My Year Of Flops Case File #90: Glitter

My Year Of Flops Case File #90: Glitter

In his very last email to me, my late friend and Movie Club With John Ridley colleague Anderson Jones suggested that I write up Glitter for this feature. Mariah Carey held a special place in his heart. I once asked Anderson if he'd ever been recognized in public during his stint on FX's The New Movie Show With Chris Gore. He said he'd been recognized once at a Mariah Carey concert, which seemed fitting. Carey's people were his people: they understood and shared his bone-deep commitment to superficiality, to the eternal allure of glitter and tinsel, to big fluffy movies and sticky-sweet pop songs.

So today I am going to honor a dead friend's memory by making glib jokes at one of his favorite artist's expense. Call me a hero if you must (no, seriously: call he a hero), but I'm just a guy doing my job. And being a hero. Mainly being a hero.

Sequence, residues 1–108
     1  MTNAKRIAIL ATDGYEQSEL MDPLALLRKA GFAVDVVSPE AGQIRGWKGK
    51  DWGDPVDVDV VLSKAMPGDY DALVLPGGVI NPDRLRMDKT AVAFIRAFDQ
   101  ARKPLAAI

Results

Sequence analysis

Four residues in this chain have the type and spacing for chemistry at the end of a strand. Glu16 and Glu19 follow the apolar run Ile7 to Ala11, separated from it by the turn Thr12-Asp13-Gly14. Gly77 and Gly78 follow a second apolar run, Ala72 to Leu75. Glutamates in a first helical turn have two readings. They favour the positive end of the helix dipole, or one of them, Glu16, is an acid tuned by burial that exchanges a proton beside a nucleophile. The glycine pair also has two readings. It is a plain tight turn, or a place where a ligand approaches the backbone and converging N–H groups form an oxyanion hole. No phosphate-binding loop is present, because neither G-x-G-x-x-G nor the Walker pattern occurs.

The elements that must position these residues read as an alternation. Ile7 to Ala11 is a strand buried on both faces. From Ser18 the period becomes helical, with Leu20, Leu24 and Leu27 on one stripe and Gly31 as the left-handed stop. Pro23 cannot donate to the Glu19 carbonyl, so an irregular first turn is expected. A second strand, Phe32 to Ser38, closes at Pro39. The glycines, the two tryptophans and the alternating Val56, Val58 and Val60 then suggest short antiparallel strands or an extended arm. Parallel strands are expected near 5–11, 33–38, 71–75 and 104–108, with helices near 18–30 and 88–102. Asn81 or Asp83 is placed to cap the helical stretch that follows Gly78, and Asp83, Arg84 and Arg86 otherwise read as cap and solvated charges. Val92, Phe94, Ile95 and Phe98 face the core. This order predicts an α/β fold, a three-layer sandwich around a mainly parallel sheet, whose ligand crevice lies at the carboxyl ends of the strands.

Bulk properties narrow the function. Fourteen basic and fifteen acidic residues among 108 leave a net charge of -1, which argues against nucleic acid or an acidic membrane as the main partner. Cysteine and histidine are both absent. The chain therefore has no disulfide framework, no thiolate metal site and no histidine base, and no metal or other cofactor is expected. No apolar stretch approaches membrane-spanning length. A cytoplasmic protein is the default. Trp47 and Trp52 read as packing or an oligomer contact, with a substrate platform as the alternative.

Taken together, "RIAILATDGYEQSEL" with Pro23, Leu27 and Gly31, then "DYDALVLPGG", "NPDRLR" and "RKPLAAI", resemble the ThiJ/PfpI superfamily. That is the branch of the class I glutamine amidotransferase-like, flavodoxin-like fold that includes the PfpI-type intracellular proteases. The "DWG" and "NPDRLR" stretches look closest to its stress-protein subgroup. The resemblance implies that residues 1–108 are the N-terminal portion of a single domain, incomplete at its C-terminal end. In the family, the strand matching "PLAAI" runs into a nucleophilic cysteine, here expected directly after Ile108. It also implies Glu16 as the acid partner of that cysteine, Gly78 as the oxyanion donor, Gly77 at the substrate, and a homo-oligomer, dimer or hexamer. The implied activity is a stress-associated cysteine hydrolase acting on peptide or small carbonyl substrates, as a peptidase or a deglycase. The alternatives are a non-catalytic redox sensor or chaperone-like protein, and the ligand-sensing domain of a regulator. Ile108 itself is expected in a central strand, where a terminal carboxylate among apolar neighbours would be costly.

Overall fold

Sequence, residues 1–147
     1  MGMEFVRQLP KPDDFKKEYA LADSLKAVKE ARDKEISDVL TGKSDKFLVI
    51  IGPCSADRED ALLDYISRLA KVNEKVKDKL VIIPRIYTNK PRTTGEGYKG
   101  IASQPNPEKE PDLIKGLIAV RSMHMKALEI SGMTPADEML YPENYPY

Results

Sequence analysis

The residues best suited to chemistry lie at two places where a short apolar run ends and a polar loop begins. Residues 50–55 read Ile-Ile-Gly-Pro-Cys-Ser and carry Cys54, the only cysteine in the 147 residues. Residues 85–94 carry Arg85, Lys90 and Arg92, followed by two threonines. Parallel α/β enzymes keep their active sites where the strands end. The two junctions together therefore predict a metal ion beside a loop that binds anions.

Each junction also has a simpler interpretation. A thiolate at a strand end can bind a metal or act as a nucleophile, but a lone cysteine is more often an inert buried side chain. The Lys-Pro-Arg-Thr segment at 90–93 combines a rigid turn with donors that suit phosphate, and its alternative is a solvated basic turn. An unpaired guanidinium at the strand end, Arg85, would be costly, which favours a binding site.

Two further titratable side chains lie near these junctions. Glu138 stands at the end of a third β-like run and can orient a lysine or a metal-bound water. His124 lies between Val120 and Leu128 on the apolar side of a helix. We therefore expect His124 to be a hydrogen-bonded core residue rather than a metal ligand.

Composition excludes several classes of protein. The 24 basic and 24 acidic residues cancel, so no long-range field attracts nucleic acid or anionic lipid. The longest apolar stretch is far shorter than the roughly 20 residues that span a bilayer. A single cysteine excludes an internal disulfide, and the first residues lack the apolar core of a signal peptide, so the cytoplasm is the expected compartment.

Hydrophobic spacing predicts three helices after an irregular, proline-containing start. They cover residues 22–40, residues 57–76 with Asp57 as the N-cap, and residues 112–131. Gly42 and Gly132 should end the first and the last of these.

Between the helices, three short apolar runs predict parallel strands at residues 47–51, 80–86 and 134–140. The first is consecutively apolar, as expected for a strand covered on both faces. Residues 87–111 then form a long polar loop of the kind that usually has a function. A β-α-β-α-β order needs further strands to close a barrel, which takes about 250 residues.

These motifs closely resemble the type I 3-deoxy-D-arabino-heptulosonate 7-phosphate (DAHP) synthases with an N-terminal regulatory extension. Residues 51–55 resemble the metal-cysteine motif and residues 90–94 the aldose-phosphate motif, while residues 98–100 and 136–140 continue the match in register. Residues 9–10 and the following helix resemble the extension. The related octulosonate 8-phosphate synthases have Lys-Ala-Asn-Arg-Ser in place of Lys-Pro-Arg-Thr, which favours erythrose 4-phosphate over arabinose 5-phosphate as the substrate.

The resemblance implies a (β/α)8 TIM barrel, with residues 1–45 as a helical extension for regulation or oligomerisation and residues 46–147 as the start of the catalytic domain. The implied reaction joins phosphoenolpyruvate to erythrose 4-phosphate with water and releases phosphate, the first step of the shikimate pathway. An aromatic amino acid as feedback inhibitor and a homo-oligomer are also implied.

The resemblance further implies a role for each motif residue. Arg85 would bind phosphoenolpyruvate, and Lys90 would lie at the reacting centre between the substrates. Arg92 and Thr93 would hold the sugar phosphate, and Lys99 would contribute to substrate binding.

Glitter arrived at a crucial moment in what I call the hoification of Mariah Carey. Hoification occurs when an actress or singer stops being judged on their body of work and begins getting judged by the work they've had done to their body. It's a surprisingly ubiquitous pop-culture phenomenon in which an actress or singer decides that they want to be recognized not just as a singer or songwriter but also as a sweet, sweet piece of T&A.;

For Carey, the process began with the music video for "Honey", a tour de force of cheesecake iconography. After "Honey," Carey was suddenly a woman with a message. For better or worse, that message was "Hey World: Get a load of my tits! They're really great!" Her video concepts went from "having fun at the amusement park" (the pre-hoification smash "Fantasy" http://youtube.com/watch?v=e7iyjsLlsyk) to "jiggling about as a scantily clad racetrack ho-bag" (the post-hoification track "Loverboy" http://youtube.com/watch?v=AyU6vusV9NA), which perhaps not coincidentally was also the first single from the Glitter soundtrack).

Carey is far from alone in undergoing the hoification process. Jewel, Janet Jackson, Lindsey Lohan, and Nelly Furtado all similarly made a brave decision to become one-dimensional sex objects. With Jackson and Carey, it's possible to demarcate the exact moment the hoification process began in earnest and when it officially went too far.